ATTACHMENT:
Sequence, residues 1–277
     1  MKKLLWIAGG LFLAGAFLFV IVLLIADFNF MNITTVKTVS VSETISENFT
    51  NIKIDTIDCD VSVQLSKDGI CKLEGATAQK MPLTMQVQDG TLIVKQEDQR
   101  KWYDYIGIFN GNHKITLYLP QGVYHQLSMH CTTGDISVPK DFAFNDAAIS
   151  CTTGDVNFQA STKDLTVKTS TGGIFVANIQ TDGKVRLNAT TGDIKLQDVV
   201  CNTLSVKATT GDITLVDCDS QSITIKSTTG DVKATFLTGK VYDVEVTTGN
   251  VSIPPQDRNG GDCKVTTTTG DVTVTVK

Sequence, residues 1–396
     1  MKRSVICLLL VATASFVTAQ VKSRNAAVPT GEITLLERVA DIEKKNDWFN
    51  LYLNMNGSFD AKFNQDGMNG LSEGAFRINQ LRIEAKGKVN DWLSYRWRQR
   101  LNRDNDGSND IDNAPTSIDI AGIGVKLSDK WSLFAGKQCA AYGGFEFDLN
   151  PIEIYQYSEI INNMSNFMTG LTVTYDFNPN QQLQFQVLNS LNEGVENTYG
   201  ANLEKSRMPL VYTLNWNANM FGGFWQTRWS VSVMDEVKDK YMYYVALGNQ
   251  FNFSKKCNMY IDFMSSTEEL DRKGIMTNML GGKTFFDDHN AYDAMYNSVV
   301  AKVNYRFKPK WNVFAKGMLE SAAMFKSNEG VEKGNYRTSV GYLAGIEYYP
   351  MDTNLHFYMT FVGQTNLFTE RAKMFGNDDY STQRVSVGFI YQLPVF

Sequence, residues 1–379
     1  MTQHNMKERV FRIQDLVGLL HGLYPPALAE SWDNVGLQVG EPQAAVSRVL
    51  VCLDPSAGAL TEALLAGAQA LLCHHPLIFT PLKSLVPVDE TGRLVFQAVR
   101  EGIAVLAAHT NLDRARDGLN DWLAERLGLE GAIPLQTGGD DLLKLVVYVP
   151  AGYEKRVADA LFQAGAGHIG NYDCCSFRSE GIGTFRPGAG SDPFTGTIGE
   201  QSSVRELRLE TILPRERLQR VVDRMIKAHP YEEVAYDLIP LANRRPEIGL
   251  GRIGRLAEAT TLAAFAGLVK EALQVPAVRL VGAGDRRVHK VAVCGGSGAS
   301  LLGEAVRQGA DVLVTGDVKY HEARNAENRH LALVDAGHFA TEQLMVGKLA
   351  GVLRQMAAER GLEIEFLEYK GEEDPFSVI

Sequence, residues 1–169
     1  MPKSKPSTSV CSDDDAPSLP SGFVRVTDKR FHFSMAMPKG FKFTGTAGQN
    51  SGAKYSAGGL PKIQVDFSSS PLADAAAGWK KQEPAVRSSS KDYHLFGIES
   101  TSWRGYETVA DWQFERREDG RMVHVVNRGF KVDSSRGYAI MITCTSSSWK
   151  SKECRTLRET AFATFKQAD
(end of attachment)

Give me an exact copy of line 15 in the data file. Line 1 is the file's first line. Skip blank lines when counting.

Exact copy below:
   301  AKVNYRFKPK WNVFAKGMLE SAAMFKSNEG VEKGNYRTSV GYLAGIEYYP